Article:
Once the college is transformed, it will become the first institution in the territories to grant a degree under its own name. Diplomas the first graduates of the governance program get next spring will read “Yukon University.”
Research is to centre on issues around environmental conservation and sustainable resource development. It will be conducted in a new, $26-million science building funded by Ottawa and currently being designed.
Our truck wasn’t the only vehicle bouncing up the road. We passed several RVs, likely those of tourists from down south. The government of the NWT markets the highway as a “milestone” and “the first road in history to reach the polar shore of North America.” The federal government, for its part, has linked the road’s opening with persistent and troublesome narratives of nation building, heralding it as connecting all Canadians “from coast to coast to coast.” I wondered how many of those tourists saw the highway that way—as simply an avenue to the Arctic Ocean, a handy bucket-list adventure. To me, and to those who live on either end of the highway, the new road is about connecting with ourselves.
Our first stop in Tuktuyaaqtuuq was the beach at the end of Beaufort Road, also known as The Point, where the landmark Arctic Ocean sign stands. There were a dozen or more rented vehicles and tourist buses parked and a long lineup at the latrine. Megan and I hoisted ourselves out of the truck, still stiff from driving 3,300-plus kilometres. Quinn, now untethered, sprang from her car seat and sprinted toward the water—an act to get any parent’s heart pounding. I chased her down the beach, fighting through a thick cloud of mosquitoes that dissipated once I reached the water’s edge.
The Indeed research found that better pay was the most common reason respondents changed careers, with 63 per cent citing it as their main motivation. But 57 per cent of those who switched said they did so because they wanted more opportunity for growth.
Like Norton, 47 per cent said they enrolled in education and training programs to execute their career transformation.
Because of his long tenure as a teacher, Norton’s job as a firefighter came with a 30 per cent pay cut. But after about 3.5 years, Norton will move up pay grades and match his previous compensation.
Navarre Bailey also took a pay cut with his career change in 2017. After 13 years in corporate marketing roles, Bailey no longer felt good about how he was making a living.
Prime Minister Justin Trudeau spoke with Ukrainian President Volodymyr Zelenskiy who called on Friday to congratulate the Liberal leader on his re-election.
Trudeau reaffirmed Canada’s “steadfast support for Ukraine’s sovereignty and territorial integrity,” said a readout of the call released by the Prime Minister’s Offices.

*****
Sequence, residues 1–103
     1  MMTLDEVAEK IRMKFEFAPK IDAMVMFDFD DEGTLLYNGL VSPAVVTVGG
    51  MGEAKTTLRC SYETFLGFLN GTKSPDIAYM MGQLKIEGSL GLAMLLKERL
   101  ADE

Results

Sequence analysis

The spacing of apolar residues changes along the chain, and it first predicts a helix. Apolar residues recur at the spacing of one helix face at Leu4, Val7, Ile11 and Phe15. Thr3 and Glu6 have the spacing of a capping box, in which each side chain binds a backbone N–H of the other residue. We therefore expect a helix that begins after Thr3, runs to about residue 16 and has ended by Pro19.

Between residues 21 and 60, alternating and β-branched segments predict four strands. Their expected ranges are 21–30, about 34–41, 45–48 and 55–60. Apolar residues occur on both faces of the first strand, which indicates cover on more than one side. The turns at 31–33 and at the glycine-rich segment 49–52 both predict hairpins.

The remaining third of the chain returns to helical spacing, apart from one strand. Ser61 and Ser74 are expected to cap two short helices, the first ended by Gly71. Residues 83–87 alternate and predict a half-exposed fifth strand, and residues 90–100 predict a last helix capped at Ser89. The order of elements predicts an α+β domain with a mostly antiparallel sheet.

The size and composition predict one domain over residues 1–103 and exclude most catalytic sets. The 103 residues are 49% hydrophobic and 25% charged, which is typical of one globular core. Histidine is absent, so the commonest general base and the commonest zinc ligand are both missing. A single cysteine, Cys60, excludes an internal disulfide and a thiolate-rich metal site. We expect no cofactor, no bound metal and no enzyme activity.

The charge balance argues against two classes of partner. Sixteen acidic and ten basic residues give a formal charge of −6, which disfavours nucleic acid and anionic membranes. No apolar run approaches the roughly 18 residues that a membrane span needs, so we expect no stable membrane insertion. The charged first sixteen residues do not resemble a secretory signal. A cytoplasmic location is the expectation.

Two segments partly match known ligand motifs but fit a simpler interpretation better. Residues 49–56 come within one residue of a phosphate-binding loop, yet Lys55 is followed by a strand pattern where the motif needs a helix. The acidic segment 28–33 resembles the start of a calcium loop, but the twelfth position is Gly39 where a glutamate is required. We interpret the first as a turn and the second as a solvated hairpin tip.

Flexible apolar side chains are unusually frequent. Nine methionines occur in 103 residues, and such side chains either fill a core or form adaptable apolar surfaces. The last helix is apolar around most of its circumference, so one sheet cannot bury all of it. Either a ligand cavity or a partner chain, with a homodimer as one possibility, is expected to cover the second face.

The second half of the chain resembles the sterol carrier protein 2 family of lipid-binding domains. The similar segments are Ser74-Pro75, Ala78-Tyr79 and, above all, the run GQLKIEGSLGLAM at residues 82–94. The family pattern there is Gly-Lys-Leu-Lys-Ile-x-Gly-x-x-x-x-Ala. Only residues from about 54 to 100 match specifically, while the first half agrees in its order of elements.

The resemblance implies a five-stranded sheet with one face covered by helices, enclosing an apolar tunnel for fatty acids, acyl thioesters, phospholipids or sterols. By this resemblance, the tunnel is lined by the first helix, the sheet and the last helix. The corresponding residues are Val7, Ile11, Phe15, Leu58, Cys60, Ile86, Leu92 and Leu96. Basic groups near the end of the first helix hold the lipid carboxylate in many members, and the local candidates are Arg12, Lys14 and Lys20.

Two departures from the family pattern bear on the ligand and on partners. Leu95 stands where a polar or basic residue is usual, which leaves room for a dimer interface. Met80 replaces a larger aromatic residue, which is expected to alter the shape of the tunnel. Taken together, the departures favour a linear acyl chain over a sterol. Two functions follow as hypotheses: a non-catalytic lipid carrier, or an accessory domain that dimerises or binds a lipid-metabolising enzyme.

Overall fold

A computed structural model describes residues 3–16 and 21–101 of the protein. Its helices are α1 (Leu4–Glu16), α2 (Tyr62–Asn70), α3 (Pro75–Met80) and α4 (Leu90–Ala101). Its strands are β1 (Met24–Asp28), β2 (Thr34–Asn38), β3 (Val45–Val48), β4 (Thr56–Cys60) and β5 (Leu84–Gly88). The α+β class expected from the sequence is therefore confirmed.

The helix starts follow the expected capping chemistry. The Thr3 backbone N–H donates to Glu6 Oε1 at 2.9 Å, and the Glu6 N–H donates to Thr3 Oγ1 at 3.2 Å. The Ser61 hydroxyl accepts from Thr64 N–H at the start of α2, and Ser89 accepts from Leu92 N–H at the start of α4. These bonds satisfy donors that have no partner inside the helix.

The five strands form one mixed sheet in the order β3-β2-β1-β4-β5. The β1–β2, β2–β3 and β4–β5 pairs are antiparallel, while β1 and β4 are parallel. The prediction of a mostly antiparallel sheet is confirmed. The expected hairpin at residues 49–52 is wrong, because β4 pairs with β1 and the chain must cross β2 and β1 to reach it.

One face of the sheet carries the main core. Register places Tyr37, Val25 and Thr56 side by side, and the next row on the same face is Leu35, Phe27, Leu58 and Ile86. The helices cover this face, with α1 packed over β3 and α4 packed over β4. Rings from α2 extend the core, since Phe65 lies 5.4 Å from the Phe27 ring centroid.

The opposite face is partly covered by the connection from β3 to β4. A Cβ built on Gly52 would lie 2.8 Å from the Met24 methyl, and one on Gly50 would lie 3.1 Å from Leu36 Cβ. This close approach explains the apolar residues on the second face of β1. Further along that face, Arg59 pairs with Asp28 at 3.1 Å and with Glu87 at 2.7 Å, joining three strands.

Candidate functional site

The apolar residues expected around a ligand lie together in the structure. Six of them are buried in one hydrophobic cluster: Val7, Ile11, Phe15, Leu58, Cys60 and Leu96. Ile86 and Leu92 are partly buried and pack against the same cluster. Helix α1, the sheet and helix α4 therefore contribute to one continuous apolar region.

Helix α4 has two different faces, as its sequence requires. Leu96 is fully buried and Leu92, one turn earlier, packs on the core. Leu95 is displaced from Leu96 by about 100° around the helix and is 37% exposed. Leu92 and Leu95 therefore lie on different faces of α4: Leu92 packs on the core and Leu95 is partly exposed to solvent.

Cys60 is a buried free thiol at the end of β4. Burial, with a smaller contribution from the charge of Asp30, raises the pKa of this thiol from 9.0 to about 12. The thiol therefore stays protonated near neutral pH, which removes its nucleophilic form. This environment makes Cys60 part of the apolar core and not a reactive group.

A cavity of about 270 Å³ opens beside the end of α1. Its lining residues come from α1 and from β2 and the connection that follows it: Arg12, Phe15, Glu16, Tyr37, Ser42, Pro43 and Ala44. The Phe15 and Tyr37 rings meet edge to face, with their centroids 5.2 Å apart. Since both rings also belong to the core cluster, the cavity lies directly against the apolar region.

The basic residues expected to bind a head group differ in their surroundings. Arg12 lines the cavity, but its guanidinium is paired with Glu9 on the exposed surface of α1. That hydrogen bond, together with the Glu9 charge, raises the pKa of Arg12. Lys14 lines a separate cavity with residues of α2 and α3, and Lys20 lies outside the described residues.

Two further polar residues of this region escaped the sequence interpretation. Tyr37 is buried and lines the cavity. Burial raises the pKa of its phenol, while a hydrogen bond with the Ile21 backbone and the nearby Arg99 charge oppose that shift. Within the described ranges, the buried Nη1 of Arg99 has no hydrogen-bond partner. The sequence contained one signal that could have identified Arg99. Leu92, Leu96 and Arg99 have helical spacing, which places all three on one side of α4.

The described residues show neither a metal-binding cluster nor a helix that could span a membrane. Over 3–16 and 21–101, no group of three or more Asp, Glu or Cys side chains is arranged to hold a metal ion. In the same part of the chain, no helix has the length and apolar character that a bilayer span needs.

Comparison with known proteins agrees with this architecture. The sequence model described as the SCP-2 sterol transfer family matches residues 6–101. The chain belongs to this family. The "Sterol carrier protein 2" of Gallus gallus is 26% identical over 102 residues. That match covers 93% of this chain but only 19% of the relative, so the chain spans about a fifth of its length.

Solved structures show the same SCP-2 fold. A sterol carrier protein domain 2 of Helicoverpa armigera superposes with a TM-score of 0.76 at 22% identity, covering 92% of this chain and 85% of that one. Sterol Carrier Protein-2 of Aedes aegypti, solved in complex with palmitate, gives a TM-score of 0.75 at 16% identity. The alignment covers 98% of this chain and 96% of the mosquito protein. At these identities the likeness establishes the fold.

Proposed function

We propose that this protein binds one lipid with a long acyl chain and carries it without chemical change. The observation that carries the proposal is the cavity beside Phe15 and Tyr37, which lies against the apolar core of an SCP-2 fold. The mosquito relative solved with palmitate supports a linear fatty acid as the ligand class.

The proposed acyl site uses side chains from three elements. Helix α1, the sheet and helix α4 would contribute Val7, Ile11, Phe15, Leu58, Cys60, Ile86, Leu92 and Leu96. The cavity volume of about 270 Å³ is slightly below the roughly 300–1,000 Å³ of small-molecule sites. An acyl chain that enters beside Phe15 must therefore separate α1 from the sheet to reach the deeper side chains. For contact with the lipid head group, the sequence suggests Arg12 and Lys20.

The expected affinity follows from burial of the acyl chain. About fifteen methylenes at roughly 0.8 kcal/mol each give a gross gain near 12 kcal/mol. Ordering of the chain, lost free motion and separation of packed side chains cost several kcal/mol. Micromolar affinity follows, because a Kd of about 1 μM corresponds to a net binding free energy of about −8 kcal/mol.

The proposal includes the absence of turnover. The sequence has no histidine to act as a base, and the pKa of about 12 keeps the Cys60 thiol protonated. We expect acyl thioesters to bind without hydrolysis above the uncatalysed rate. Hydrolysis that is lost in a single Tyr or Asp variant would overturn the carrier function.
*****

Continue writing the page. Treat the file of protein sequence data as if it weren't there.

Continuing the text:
The two leaders discussed progress in the implementation of the Minsk Agreement to end the conflict in the Donbas region of Eastern Ukraine, as well as recent confidence-building measures such as prisoner exchanges between Russia and Ukraine.
Innovative business ideas are bubbling up in this emerging start-up mecca that is now rivaling Silicon Valley. It’s not surprising that five Canadian companies made the 2019 CNBC Upstart 100 list unveiled on Tuesday. The ranking of the world’s most promising start-ups included DeepGenomics [Toronto]; Attabotics, Calgary; Nobul, Toronto: Cmd, Vancouver and; RenoRun, Montreal. Collectively these fledglings raised over $77 million in venture capital.
Their funding success is indicative of a broader phenomenon. Canadian venture capital funds poured about $2.2 billion into 249 financings in the first half of 2019, according to the Canadian Venture Capital Report, published by CPE Media Analytics. The growth has been driven by scale-ups like Sonder Canada, an Airbnb partner, which raised the equivalent of $250 million in funding this past summer, the report found.
A French doctoral student has been denied residency in Quebec after officials in Canada’s francophone province ruled that she had an inadequate command of her mother tongue.
Emilie Dubois, a graphic designer who has lived and studied in Quebec City for eight years, was stunned to find her recent residency application denied on the grounds that she failed to demonstrate sufficient knowledge of French.
Statistics Canada is reporting that in 2018 real gross domestic product (GDP) rose in all provinces and territories except Newfoundland and Labrador.
Nationally, real GDP grew 2.0%, after increasing 3.2% in 2017.
Increased exports from most regions and a modest rise in household spending contributed to the growth. These increases were partly offset by declines in business investment in non-residential construction resulting from the completion of major construction projects in several provinces and territories. This coincided with downward pressure on housing activity following the implementation of tightened mortgage rules and higher interest rates.
By New Year’s Day, Mike and Georgina Parsons – and their dog – will be the only permanent residents of Little Bay Islands. At 53 and 44 respectively, they are the island’s youngest full-time residents.
They moved to the community a few years back, attracted to the idea of living off the grid in Mike’s hometown, and have spent the last couple of years preparing for a life of solitude on the edge of the Atlantic.
As winter draws near residents have been slowly filing out, each weekend bringing more farewells. At least half the numbers in the phone directory have been disconnected. Many residents intend to return to their homes in the summers, but for others this may be goodbye.
Watching his parents and other residents pack up and go is tough, said Parsons. “In spite of the fact that 100% of the permanent residents here voted to leave, I know that to actually do it, to pack up their things and leave, is just heartbreaking.”
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